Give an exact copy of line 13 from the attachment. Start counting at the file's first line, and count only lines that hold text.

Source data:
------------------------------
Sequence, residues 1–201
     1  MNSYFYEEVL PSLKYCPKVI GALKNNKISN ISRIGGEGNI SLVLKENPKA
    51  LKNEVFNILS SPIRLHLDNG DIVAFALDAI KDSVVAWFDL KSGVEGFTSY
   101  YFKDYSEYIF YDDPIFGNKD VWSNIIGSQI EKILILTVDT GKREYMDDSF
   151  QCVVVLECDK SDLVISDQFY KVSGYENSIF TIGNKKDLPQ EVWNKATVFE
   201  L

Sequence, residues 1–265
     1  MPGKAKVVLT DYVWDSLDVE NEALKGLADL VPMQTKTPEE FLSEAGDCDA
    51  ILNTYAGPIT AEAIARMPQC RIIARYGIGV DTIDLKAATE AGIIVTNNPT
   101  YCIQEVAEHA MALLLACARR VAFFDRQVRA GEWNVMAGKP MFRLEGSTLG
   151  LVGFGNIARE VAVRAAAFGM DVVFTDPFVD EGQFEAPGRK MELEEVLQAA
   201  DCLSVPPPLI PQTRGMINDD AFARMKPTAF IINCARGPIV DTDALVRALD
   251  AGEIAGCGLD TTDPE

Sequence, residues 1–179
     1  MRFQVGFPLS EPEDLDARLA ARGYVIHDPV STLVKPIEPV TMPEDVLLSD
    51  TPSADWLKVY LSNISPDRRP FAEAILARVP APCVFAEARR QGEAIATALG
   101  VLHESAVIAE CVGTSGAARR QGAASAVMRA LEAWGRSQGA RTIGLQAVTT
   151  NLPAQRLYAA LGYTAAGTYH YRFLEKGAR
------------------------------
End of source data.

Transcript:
   251  AGEIAGCGLD TTDPE